Osprey Publishing, noted publisher of historical reference books, occasionally forwards new titles to Livingdice.com that are of interest to gamers. The latest shipment included “Israel’s Lightning Strike: The Raid on Entebbe,” from Osprey’s new “Raid” series, “Saracen Strongholds from 1100-1500” and “Empires of the Dragon: The Far East at War.” The first two titles are historical reference, while the last is a supplement for the Osprey “Fields of Glory” miniature game. Look for discussions of these other titles in the very near future. Today’s post focuses on the “Raid on Entebbe.”
Unlike previous Osprey titles, the “Raid” series focuses on a specific military action, as opposed to a historical period, culture or region. There is some historical background at the beginning, but after that it is all low-level planning and logistics. Before going further, please forget the Charles Bronson movie (though this book does make a point of mentioning it and ol’ Chuck Bronson does make an appearance). While accurate in the broad points, the film leaves out much of the political maneuvering, planning and skullduggery that went on during the raid.
The story is well-known, but worth quickly summarizing for the unfamiliar. In 1976, German and Palestinian terrorists hijacked an Air France jumbo jet and took it to Uganda. Most of the hostages, save Israeli citizens were released. Israeli special forces launched a raid using large transport planes and a repainted Mercedes to successfully kill the terrorists and save all but a handful of the hostages.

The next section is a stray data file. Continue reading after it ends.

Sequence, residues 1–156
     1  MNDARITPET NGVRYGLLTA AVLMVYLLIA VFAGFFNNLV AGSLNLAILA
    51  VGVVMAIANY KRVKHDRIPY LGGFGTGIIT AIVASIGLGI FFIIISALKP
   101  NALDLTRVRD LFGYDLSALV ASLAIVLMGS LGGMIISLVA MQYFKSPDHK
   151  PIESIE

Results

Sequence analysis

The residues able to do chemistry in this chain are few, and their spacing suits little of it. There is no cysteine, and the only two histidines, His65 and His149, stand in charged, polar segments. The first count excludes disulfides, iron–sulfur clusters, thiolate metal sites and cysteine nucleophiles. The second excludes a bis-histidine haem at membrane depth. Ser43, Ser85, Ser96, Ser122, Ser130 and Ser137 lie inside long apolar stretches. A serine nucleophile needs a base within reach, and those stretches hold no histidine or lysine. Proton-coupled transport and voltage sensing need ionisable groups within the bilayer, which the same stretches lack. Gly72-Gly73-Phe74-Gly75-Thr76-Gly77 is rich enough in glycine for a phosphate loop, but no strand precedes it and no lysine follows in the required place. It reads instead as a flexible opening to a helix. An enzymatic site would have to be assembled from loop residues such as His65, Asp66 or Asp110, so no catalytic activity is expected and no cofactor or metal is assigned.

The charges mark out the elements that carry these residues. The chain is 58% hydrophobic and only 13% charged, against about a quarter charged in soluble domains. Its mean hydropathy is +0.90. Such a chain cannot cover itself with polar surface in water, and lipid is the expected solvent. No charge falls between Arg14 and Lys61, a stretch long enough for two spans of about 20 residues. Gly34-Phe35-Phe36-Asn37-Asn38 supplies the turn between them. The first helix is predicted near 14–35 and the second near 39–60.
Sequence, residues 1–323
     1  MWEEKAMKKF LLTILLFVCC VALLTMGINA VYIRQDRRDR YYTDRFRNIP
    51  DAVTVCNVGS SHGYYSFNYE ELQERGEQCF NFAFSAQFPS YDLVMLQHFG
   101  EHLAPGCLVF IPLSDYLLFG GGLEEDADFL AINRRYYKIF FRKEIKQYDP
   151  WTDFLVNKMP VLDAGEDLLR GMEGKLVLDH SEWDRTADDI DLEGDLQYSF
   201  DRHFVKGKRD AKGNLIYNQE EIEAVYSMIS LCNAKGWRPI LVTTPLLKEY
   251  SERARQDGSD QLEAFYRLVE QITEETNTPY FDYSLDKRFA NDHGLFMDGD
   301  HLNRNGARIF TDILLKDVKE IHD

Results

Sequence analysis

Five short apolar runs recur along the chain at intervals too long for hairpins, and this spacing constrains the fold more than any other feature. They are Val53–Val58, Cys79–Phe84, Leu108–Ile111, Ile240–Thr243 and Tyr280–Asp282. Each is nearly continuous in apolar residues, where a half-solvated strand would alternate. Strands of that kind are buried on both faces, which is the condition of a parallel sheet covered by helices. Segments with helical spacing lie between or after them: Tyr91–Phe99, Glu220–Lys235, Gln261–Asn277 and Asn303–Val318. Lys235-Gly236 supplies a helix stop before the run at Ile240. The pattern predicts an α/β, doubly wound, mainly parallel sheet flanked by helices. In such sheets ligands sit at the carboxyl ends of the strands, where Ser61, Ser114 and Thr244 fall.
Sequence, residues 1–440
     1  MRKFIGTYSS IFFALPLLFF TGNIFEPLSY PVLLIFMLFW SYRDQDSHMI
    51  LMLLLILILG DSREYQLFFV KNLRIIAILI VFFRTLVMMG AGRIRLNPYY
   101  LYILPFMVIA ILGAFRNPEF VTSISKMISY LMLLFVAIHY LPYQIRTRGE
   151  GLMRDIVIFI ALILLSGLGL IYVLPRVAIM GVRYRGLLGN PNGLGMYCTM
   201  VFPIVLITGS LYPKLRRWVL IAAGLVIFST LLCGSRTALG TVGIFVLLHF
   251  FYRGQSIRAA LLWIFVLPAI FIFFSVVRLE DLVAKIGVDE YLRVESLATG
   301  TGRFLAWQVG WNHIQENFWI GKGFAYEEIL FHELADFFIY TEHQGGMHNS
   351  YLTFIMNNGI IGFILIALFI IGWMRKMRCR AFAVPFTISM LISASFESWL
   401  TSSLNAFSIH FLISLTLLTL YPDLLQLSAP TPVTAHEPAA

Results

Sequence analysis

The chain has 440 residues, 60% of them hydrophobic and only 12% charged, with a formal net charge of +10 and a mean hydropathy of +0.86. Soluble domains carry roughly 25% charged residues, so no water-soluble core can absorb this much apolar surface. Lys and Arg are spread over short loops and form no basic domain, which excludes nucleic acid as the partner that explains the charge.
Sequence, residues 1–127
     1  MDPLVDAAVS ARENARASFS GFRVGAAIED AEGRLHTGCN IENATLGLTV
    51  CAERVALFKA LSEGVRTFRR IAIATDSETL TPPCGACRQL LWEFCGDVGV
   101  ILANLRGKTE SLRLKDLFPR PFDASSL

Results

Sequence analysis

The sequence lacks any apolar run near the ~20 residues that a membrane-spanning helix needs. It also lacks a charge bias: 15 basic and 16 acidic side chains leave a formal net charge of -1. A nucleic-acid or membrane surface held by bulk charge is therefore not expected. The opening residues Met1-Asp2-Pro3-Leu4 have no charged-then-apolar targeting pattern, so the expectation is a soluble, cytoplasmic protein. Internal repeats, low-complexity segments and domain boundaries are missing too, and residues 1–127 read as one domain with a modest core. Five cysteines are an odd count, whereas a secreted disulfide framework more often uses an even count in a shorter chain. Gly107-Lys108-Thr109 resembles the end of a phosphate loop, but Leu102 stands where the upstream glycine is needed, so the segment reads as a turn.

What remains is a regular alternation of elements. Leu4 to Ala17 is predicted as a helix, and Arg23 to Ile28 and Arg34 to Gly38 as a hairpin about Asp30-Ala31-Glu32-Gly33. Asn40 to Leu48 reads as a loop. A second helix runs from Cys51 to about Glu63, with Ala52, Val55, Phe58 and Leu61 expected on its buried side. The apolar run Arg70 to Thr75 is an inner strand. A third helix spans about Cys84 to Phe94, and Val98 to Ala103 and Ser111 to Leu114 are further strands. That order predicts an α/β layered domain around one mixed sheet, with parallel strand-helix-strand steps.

What struck me most in this book was the context provided surrounding the raid. There is a helpful breakdown of terrorist organizations, previous Israeli anti-terrorist efforts and some of the intelligence work that went into the raid. All of this provided useful context for both the raid and the political ramifications of invading a country run by Idi Amin.
Author Simon Dunstan’s writing style is quite readable, especially once the raid starts. I am not saying he is Tom Clancy, but the raid section is smartly written, detailed and fast-paced. “History book” and “exciting” are not mutually exclusive terms.
Though the book is very serious in tone, I chuckled a bit at the image of a commando throwing a pretty, lingerie-clad French stewardess over a shoulder and carrying her to safety or Air France’s “reward” for the flight crew that refused to abandon their passengers.
There are plenty of Osprey’s usual high-quality images, art and cartography. This book has a more modern feel and the art is a combination of the hand drawn and digitally rendered. I especially enjoyed the airport graphics with a detailed timeline and legend of critical locations.
This is my first exposure to the “Raid” series and I am impressed. I also think that this book (and probably the others in this series) offer great “role-playing gamer-friendly” content. Since the Raid series focuses on relatively small units completing specific missions, it lends itself to role-playing game encounter design and inspiration.
Trask, The Last Tyromancer
Full Disclosure: Publisher provided a free copy for this review.